We started what became Measure 13 in November of 2008. Everyone, our opponents included, agreed that the 48%-52% loss in 2006 was narrow enough that a second shot would probably hit the mark.
Since the 2006 election I had been getting offers of help if I’d do some coordinating in bringing the issue up again. I put out a feeler: "Send me money. If I get $3500 by December 1 (2008), I’ll find a sponsor and bring patients in front of a legislative committee. Our chances are not good at getting the legislature to act, but we might get some press out of it."
In the 2009 session, we were granted approximately two hours to present testimony and listen to opponents talk. That’s quite a little for a hearing on whether to kill or advance a bill. The patients presented “compelling testimony” according to Reps. Nick Moser and Phil Jensen, but they voted to continue making them criminals and threatening them with arrest anyway. We spent about $6000 arranging that little show.
Emmett Reistroffer, 19 (at the time), of Sioux Falls had contacted me and said he wanted to help. He ended up ramrodding the whole petition process and the election campaign. He did a far better job than I would have done.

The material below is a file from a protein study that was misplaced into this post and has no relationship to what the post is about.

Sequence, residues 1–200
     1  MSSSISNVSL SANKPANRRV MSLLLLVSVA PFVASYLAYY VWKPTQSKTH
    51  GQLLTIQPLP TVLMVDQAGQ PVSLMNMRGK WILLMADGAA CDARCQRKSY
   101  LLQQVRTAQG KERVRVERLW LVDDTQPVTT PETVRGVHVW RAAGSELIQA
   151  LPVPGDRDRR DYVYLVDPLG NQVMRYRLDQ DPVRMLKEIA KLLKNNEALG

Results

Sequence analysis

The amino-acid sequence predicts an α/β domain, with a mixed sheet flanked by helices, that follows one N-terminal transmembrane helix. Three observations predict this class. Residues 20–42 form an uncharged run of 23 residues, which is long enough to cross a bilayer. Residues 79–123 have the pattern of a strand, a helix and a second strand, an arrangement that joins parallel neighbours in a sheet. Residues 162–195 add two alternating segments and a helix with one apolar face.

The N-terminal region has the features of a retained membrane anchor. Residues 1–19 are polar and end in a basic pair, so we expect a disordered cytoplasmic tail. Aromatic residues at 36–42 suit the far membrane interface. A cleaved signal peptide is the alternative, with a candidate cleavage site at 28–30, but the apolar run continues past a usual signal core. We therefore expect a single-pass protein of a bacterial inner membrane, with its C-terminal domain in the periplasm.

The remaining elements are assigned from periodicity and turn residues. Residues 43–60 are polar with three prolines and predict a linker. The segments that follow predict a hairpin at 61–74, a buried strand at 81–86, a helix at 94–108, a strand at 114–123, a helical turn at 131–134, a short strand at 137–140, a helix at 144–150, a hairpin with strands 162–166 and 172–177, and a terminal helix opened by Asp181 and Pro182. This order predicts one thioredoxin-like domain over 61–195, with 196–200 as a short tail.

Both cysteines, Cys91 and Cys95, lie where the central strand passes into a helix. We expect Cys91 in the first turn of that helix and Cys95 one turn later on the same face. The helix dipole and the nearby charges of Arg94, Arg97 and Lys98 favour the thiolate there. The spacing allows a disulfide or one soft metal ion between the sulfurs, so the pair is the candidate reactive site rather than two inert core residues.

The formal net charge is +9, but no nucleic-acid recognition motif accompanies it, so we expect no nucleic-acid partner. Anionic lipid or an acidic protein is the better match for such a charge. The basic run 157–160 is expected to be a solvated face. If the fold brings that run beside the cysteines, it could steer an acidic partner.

Our opponents during the past three or four months mounted a campaign that didn’t cost much, but we weren’t able to come up with the money to mass-market our message. Hard to say how much would have been sufficient, but our patients/spokespeople could have effected great consciousness-raising in 30-second ads.
I think the greatest part of the reason we got beat 65-35 yesterday is due to a large change in the voting demographic in 2010 as opposed to 2006. Add that to our lack of visibility just at the time our opponents became visible, and you get what we got.
Politics is the continual conversation over who gets to do what to whom. The victory for our opponents was that they get to continue to keep people criminal who are attempting to alleviate their medical conditions. That is the total of their victory.